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Mobility Workx, LLC v. Cellco Partnership

United States District Court, E.D. Texas, Sherman Division

November 18, 2019

MOBILITY WORKX, LLC, Plaintiff,
v.
CELLCO PARTNERSHIP D/B/A VERIZON WIRELESS, Defendant.

          MEMORANDUM OPINION AND ORDER

          AMOS L. MAZZANT UNITED STATES DISTRICT JUDGE.

         Pending before the Court is Mobility Workx, LLC's Motion Requesting an Adverse Inference Jury Instruction be Given Pursuant to FRCP 37(C) (Dkt. #168). Having considered the motion and the relevant pleadings, the Court finds that Mobility Workx' Motion is DENIED.

         BACKGROUND

         Mobility Workx, due to what it claims is intentional bad-faith conduct on Verizon's part, requests that an adverse inference instruction be given to the jury. Mobility Workx argues that “Verizon strategically decided to withhold discoverable information called for by the local rules and this Court's Orders, [and] also refused to produce relevant documents even after receiving a discovery letter from Mobility specifically requesting Verizon to produce relevant documents” (Dkt. #168). Specifically, Mobility Workx contends that Verizon “intentionally has refused to provide any specific or proprietary documents other than generic documents pertaining to the LTE 4G systems in general and no internal documents whatsoever as to how their Emulator works in the NDET lab” (Dkt. #168) (citing Mahcat Decl at ¶¶ 2-31). This has resulted, Mobility Workx continues, in Mobility Workx being forced to resort to publicly available documents to attempt to prove infringement (Dkt. #168). In support of its claims, Mobility Workx provides the Court with a list of documents that it contends “should have been produced voluntarily but were not” (Dkt. #168). The list of documents that were allegedly not produced includes:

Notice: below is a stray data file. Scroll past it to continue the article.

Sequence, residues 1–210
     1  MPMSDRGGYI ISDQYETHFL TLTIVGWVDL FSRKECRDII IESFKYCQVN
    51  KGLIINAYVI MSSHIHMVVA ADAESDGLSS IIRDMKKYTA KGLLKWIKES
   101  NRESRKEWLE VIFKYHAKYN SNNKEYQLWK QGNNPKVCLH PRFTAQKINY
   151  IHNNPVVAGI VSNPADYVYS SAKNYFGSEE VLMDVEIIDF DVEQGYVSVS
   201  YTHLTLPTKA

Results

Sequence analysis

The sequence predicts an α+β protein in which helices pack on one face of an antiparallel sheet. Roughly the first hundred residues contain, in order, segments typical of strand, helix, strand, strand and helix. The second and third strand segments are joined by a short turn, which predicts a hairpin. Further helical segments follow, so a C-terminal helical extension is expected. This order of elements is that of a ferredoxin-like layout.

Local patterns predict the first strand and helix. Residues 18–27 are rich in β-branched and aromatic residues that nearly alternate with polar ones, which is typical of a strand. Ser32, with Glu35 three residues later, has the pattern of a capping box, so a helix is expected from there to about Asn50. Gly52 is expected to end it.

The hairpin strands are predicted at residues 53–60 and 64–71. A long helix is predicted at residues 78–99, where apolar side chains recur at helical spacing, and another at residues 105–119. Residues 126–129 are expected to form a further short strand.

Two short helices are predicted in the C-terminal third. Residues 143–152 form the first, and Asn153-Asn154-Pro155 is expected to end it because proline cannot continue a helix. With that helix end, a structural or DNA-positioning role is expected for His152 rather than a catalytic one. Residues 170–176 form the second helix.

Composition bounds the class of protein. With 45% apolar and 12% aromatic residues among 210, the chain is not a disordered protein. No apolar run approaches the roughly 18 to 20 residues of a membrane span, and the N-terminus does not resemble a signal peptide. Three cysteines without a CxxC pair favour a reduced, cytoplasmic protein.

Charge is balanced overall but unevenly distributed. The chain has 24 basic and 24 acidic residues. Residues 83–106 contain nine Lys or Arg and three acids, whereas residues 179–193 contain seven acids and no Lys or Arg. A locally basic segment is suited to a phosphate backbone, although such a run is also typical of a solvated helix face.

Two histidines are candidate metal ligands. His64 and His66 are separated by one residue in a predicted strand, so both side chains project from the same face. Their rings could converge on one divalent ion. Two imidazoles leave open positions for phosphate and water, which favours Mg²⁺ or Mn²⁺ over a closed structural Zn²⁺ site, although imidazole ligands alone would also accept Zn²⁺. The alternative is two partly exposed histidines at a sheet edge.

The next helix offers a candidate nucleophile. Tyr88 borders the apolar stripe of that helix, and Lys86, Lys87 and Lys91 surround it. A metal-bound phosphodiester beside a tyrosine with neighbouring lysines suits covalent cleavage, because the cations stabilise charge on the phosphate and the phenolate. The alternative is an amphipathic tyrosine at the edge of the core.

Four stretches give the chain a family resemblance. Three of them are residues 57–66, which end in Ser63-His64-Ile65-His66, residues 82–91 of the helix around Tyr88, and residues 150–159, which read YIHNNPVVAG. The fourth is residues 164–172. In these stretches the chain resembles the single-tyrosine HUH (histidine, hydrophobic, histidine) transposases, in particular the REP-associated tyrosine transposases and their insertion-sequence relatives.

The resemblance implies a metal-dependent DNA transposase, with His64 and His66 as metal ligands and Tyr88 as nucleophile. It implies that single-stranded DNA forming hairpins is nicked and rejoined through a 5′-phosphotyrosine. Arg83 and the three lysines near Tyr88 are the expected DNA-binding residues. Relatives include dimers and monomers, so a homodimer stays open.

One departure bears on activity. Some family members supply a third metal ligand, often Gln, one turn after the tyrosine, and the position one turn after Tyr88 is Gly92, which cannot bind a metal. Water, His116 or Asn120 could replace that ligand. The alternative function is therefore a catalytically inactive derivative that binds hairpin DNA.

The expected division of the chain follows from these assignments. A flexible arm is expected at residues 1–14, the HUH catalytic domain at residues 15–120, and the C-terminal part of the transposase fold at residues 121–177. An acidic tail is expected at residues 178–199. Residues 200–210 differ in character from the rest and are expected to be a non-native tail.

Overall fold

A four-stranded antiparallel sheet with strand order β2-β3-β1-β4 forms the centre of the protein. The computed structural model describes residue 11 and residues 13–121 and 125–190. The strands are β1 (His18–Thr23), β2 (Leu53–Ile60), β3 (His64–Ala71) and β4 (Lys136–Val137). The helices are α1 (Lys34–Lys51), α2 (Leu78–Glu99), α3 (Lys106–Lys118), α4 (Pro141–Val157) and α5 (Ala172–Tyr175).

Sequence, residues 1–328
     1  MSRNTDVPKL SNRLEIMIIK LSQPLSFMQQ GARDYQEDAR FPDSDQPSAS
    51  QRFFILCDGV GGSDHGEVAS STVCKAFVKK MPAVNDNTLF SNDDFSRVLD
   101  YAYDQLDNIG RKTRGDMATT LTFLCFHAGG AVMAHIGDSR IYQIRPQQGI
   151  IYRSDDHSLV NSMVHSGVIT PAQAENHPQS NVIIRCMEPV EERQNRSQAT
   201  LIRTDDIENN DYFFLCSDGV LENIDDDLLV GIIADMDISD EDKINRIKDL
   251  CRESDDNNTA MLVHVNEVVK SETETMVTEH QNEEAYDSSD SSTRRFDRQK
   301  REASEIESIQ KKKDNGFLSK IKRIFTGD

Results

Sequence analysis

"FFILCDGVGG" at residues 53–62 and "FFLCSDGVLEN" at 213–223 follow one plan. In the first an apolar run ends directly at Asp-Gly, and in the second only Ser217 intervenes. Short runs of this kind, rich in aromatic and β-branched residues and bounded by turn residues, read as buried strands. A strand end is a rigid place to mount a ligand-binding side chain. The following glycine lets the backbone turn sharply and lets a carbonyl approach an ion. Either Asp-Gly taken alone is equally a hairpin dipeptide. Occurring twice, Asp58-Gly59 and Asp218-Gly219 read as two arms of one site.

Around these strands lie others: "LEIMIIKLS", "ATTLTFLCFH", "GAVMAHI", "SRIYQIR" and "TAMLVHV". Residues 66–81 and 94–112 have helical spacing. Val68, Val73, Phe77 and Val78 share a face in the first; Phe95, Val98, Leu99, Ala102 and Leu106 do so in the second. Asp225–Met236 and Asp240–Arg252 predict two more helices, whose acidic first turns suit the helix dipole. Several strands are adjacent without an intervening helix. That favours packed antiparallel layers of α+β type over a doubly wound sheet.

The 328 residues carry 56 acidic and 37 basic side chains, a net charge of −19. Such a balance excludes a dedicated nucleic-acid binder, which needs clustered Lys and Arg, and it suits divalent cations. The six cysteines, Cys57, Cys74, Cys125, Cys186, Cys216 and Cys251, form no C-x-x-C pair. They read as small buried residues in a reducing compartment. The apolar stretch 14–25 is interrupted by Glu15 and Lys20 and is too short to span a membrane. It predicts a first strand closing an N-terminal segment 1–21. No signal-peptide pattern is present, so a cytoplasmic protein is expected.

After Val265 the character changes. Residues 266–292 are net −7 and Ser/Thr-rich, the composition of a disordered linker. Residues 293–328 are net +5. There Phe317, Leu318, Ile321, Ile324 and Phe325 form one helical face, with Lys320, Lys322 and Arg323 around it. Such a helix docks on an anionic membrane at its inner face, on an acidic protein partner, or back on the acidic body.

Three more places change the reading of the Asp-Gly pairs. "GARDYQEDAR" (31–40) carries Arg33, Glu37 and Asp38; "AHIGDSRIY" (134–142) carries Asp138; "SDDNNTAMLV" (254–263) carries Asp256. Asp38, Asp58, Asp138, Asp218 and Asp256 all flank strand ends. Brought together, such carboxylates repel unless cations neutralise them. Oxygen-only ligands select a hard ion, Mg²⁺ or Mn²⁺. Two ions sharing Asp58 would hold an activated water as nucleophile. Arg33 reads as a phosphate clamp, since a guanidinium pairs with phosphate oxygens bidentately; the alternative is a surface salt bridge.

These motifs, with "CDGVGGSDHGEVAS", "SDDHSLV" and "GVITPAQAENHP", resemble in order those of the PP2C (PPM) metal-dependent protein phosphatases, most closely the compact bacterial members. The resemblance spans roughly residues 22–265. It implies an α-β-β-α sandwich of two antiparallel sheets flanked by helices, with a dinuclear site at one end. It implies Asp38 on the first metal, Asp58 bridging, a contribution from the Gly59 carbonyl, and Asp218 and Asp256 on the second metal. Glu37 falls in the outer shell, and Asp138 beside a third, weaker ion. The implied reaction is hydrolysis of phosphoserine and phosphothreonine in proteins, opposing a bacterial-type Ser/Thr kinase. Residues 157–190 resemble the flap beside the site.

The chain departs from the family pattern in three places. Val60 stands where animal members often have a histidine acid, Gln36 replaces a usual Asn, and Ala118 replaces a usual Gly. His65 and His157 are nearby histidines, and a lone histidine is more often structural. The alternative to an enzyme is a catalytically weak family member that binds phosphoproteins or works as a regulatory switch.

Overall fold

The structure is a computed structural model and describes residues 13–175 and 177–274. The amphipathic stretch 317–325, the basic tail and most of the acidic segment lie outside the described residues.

• eNodeB configuration, test plans, KPI graphs charts on Handover, performance on handover (Handover Completion), etc.
• IP Addresses mappings of Verizon's network
• Diagrams and standards of X2 Handover interfaces and sample interface configurations
• Ericsson's documentation
• Any other vendor's documentation (e.g. Cisco, etc.)
• EPC or any other vendor documentation on ANR or Self-Organizing Networks (SON) where neighbor cells are discovered and handover parameters are optimized.
• All communications with Unified Patents
• Any deviation or customization made outside 3GPP Technical Specification documents.
• All drive test cases from different parts of the country
• Test Reports from 400 devices tested by Verizon's NDET
• Lab test plans or instructions are provided to the lab technicians (or other individuals) at the NDET lab that perform the certification tests and direct them how to perform the tests required for certification under Verizon's standards
• Communications with manufacturers on all test cases
• Diagrams and design considerations in Verizon's NDET
• Test Reports from all test cases shown in the Open Development Network's Test Suites.

(Dkt. #168) (citing Machat Decl. at ¶ 27). Mobility Workx further points to Verizon's alleged decision to not produce any “documents showing how their 4G network operates” (Dkt. #168) (citing Machat Decl. at ¶¶ 10, 28) or any documents “showing exactly how testing is done in the lab []” (Dkt. #168) (citing Machat Decl. at ¶¶ 32-33). Mobility Workx argues that all of Verizon's alleged decisions to withhold documents were made in bad faith. In support of this bad-faith argument, Mobility Workx proffers three reasons that it claims should compel the Court to find bad faith. First Mobility Workx claims that because Verizon and its counsel frequently appear in the District, they could not have been mistaken on the rules of the Court and thus must have acted intentionally (Dkt. #168). Next, Mobility Workx argues that because Verizon purportedly did not produce “documents showing how their network operates, ” the Court should find that Verizon acted in bad faith (Dkt. #168). Finally, Mobility Workx argues that because Verizon allegedly did not respond to a letter requesting the information at issue nor respond to interrogatories, the Court should find that Verizon acted in bad faith (Dkt. #168). Verizon opposes Mobility Workx' Motion (Dkt. #170).

         In response, Verizon claims that it “not only produced these [disputed] documents, but repeatedly pointed them out to counsel for Mobility in correspondence, interrogatory responses, and on telephonic meet-and-confer conferences” (Dkt. #170). First, Verizon claims that “between July 24, 2018 and September 21, 2018 [Verizon] produced over 17, 000 pages of technical materials” (Dkt. #170) (citing Barton Decl. ...


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